Jayce nodded.

   "I also want to know about the safety of my mother," said Leokas, "and of Cassiera in the High Forest. I know that its trees hide the lairs of many great wyrms."

   "Consider it done," said Jayce. "I assume that you will use the sending stones to contact Oma or me when you need us to return to Suzail to retrieve you."

   "Yes," said Szordrin. "Also, can you check to see if the rod of retracing has been repaired by the Consortium. It seems to be taking an especially long time."

   Jayce agreed. Then, Lord Dauntinghorn appeared. He handed them an official letter, with the seal of the infant king and the signature of the queen mother, and a wooden token imprinted with the symbol of House Obarskyr, not surprisingly, a dragon.

   "Meet back here in two hours," said Solisar. "Will that give everyone the time that they need to be ready?" The plan seemed satisfactory, so they parted ways.

~~~~


The leucrotta skeletons sold for 2,500 golden dragons at the Ring of Coins, the pawnshop that they had passed the day prior. (They avoided purchasing the stool that folded up into a walking stick and dragon masquerade costume that were pushed on them.)

   Maru could not be found at the Dragon's Jaws. Milo said that he only ever came for the competitions at night.

   Meanwhile, Solisar was led to the portal. It was a massive magical gate, made of yellow brass, erected in a hard-to-find courtyard deep in the Royal Court complex. With a small crystal and mirror, Solisar used his magic to examine it. The portal was still active and stable. It functioned in both directions, provided that someone passing through it had the wooden portal token. Gazing into the mirror, he saw a large open porch of hardwood, then an overgrown garden in a sort of courtyard, lit by the dim light of late afternoon. He saw no one moving about on the other side; it seemed quiet, empty, and peaceful.

   Afterward, Lord Dauntinghorn took him to a government library, where he was shown a number of record books taken from the embassy in Wa when the diplomats were expelled three years ago. Solisar spent about an hour with Malark learning some of the more common symbols in the syllabary and going over basic pronunciation and common grammar rules. Despite his fluency in so many tongues, Solisar had never learned a language even distantly related to Wa-an. Wa-an was also unrelated to the Trade Tongue, the "Common" of Kara-Tur. Solisar was fascinated to learn that Wa-an was a member of the Han language family, along with Kozakuran and Koryo. Koryo had a very distinct vocabulary from Wa-an, but Malark said that Kozakuran and Wa remained similar enough that the two peoples could usually communicate without issue. The ancient Han people group had been the original settlers of the Koryo Peninsula in Kara-Tur, which was north of Wa and east of the great Ama Basin. Seafarers from Koryo were the ancestors of the modern Wanese and Kozakuran peoples.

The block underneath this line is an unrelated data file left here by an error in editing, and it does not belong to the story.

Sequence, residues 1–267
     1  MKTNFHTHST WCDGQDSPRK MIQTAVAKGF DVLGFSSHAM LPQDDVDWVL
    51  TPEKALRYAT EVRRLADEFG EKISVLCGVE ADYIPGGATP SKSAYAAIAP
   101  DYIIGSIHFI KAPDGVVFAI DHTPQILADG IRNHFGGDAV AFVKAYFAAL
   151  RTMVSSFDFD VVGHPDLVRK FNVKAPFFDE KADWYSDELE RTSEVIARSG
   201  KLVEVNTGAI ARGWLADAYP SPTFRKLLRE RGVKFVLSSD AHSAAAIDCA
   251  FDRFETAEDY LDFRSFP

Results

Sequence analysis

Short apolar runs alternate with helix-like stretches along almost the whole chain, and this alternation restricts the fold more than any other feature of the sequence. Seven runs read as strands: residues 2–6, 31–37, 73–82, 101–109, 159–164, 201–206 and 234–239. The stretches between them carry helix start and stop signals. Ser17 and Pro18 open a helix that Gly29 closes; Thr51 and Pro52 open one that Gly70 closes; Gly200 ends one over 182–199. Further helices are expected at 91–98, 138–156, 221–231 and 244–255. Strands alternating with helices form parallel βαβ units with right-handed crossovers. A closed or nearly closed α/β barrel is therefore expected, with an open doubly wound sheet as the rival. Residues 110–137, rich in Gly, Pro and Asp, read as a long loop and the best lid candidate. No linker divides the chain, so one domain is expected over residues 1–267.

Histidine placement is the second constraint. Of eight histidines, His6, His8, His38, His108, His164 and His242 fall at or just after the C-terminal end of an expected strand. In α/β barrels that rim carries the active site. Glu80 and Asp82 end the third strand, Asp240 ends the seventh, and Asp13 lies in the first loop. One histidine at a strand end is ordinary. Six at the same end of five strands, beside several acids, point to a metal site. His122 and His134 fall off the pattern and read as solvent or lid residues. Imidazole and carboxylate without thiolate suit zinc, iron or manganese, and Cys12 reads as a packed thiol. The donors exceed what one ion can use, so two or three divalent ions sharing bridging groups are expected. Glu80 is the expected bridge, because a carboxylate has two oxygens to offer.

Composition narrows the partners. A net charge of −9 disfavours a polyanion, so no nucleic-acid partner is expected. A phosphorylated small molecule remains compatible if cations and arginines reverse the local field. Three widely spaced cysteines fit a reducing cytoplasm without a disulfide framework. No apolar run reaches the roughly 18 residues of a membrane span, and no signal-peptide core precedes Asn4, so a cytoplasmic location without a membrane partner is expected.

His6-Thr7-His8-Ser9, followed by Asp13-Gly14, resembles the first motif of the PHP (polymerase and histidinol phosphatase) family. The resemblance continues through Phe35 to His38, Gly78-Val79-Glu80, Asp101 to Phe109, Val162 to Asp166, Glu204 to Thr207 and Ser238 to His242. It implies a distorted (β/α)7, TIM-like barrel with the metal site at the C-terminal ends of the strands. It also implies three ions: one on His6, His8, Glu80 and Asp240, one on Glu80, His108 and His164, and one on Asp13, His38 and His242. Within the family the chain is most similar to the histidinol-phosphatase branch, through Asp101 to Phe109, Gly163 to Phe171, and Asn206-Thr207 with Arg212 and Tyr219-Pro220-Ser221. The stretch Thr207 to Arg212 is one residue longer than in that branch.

~~~~

Kytharrah, Hakam, Szordrin, Solisar, Belvin, Leokas, Sofi, and their three animals stepped through the portal. They felt nothing; they simply found themselves in another place. The light was dimmer, the sun had already set, and crickets were starting their sounds. The air was also cooler. They were thousands of miles east of Cormyr now and hundreds of miles north.

   As Solisar had earlier seen in his magic mirror, they were standing in a wide covered porch. Wooden walls framed them on three sides. The massive magical gate of brass stood behind them atop a hardwood platform, which was itself atop a foundation of tiled stone. The ceiling was supported by seven thick wooden beams.